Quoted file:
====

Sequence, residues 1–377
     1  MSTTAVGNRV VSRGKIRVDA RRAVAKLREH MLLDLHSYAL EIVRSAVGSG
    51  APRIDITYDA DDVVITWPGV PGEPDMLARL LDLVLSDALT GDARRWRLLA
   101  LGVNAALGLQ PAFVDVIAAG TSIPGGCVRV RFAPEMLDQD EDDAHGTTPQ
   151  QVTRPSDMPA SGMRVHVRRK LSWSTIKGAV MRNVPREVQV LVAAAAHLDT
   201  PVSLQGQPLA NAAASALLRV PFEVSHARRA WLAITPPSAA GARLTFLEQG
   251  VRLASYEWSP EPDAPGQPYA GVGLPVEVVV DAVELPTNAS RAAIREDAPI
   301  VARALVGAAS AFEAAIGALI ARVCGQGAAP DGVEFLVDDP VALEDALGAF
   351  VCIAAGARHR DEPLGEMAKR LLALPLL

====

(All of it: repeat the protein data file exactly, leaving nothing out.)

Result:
Sequence, residues 1–377
     1  MSTTAVGNRV VSRGKIRVDA RRAVAKLREH MLLDLHSYAL EIVRSAVGSG
    51  APRIDITYDA DDVVITWPGV PGEPDMLARL LDLVLSDALT GDARRWRLLA
   101  LGVNAALGLQ PAFVDVIAAG TSIPGGCVRV RFAPEMLDQD EDDAHGTTPQ
   151  QVTRPSDMPA SGMRVHVRRK LSWSTIKGAV MRNVPREVQV LVAAAAHLDT
   201  PVSLQGQPLA NAAASALLRV PFEVSHARRA WLAITPPSAA GARLTFLEQG
   251  VRLASYEWSP EPDAPGQPYA GVGLPVEVVV DAVELPTNAS RAAIREDAPI
   301  VARALVGAAS AFEAAIGALI ARVCGQGAAP DGVEFLVDDP VALEDALGAF
   351  VCIAAGARHR DEPLGEMAKR LLALPLL